Woman with hearing aids in her ears wearing a backpack overlooking a lake on a summer day.

You love swimming and are all about being in the water. When you were younger, everybody said you were part fish because you loved to swim so much the pool was your second home. Today, the water sounds a little… louder… than usual. And then you recognize your oversight: you went in the pool with your hearing aid in. And you aren’t really sure those little electronic devices are waterproof.

Usually, this would be somewhat of a worry. Usually, modern hearing aids are resistant to water to some degree. But being resistant to water is not the same as actually being waterproof.

Hearing aids and water resistance ratings

Keeping your hearing aids clean and dry is the best way to keep them in proper working order. But some hearing aids are designed so a little splash here and there won’t be a big deal. The IP rating is the official water resistance figure and determines how water resistant a hearing aid is.

The IP number works by assigning every device a two digit number. The first number shows the device’s resistance to sand, dust, and other types of dry erosion.

The number here that we’re really considering though, is the second digit which signifies the hearing aid’s resistance to water. The device will last longer under water the higher this number is. So if a device has a rating of IP87 it will have extremely good resistance to dry erosion and will be okay under water for around a half hour.

Some modern hearing aids can be very water-resistant. But there are no hearing aids presently available that are totally waterproof.

Is water resistance worthwhile?

The intricate electronics inside your hearing aid case aren’t going to do well with water. Before you go for a swim or into the shower you will probably want to take out your hearing aid and depending on the IP rating, avoid using them in overly humid weather. If you drop your hearing aid in the deep end of the pool, a high IP rating won’t do much good, but there are other situations where it can be useful:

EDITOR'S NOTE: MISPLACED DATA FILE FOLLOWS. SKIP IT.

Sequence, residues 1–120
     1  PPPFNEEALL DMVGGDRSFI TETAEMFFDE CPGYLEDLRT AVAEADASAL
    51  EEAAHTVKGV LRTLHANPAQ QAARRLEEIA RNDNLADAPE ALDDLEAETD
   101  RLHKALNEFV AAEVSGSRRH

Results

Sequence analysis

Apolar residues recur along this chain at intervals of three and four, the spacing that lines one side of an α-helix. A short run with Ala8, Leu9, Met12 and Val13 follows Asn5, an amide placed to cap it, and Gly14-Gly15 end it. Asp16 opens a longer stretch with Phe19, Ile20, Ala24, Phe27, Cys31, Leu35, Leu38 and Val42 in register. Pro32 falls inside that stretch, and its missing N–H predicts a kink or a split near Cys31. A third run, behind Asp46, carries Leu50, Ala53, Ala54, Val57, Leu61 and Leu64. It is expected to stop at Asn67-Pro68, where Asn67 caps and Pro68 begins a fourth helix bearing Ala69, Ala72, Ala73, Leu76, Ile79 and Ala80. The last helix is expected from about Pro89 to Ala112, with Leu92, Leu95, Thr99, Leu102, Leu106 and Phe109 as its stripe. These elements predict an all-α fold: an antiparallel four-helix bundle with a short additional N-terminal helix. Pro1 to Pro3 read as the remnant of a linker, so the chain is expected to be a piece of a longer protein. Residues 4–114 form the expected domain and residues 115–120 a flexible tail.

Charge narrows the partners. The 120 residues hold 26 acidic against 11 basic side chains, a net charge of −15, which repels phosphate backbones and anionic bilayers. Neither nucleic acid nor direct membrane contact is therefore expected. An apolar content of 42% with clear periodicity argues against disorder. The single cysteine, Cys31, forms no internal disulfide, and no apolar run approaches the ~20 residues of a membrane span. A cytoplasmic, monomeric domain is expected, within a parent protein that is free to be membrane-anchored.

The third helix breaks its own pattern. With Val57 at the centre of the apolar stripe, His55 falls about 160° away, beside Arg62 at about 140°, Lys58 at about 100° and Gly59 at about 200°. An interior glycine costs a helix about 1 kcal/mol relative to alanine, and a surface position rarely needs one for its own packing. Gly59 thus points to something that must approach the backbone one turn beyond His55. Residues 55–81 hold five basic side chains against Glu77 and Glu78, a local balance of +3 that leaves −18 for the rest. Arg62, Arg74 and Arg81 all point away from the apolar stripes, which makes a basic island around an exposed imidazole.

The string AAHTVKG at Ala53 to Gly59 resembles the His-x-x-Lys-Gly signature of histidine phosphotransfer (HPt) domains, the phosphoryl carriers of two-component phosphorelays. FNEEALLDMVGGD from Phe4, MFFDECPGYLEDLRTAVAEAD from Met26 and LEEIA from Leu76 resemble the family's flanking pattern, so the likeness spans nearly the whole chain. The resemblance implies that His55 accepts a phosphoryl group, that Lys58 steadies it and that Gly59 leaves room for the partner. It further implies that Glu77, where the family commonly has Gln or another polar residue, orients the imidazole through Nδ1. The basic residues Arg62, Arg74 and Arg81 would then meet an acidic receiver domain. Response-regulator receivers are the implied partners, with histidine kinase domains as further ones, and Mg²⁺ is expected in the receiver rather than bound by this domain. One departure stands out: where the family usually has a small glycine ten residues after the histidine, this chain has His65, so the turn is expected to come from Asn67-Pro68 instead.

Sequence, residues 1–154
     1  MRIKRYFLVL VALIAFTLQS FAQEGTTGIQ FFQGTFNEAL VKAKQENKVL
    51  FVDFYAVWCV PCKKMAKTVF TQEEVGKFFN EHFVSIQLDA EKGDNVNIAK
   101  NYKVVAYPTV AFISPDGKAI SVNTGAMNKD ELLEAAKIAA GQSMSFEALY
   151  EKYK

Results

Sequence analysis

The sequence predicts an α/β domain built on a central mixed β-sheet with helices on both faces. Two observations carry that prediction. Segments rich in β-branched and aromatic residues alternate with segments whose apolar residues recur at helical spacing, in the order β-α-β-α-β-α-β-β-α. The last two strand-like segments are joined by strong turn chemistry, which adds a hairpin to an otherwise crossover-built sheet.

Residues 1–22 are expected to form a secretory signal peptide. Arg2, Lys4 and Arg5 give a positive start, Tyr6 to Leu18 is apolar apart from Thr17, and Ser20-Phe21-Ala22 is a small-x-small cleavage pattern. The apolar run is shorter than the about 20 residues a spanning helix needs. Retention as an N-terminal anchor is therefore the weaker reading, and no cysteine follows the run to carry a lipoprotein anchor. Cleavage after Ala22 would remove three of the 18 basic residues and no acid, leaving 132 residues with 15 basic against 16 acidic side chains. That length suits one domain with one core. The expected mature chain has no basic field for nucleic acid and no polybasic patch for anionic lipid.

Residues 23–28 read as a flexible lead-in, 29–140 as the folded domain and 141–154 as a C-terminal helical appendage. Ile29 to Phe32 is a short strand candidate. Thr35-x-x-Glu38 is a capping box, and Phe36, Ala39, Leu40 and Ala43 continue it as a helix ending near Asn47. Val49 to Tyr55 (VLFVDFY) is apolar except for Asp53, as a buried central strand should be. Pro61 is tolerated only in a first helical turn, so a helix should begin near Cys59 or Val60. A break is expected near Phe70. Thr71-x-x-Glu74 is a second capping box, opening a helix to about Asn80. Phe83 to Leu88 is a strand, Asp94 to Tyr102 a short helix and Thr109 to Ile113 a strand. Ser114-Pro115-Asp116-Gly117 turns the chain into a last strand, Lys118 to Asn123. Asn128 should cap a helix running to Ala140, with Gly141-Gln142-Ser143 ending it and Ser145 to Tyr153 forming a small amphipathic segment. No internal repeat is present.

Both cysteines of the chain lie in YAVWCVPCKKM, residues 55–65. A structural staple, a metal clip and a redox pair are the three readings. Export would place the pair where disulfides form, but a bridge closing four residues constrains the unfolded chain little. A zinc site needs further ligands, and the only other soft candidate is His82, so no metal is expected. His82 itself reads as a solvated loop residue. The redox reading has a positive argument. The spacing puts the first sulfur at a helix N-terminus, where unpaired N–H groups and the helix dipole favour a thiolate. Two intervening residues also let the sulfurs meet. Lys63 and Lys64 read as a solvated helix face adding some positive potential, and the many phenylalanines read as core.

• If you have a heavy sweating problem
  • You love boating or other water activities that produce over-spray
  • If the climate where you live is rainy or overly humid
  • You have a track record of forgetting to take out your hearing aid before you take a shower or walk out into the rain

This is surely not a complete list. It’ll be up to you and your hearing specialist to evaluate your day-to-day life and figure out just what sort of water resistance is strong enough for your routine.

Your hearing aids need to be cared for

It’s important to note that water-resistant does not mean maintenance-free. You will need to keep your hearing aids dry and clean.

In some situations, that might mean investing in a dehumidifier. In other circumstances, it may just mean keeping your hearing aids in a nice dry place at night (depending on your climate). And it will be necessary to thoroughly clean and remove any residue left behind by some moistures including sweat.

If your hearing aids get wet, what should you do?

If waterproof hearing aids don’t exist, should you panic when your devices get wet? Mostly because panicking never helps anyway so it’s best to remain calm. But you need to give your hearing aids sufficient time to dry out completely and if they have a low IP rating, we can help you identify if there is any damage.

How much damage your hearing aid has sustained can be estimated based on the IP rating. If you can abstain from getting your hearing aids wet, you will get the best results. The drier your hearing devices remain, the better.

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The site information is for educational and informational purposes only and does not constitute medical advice. To receive personalized advice or treatment, schedule an appointment.
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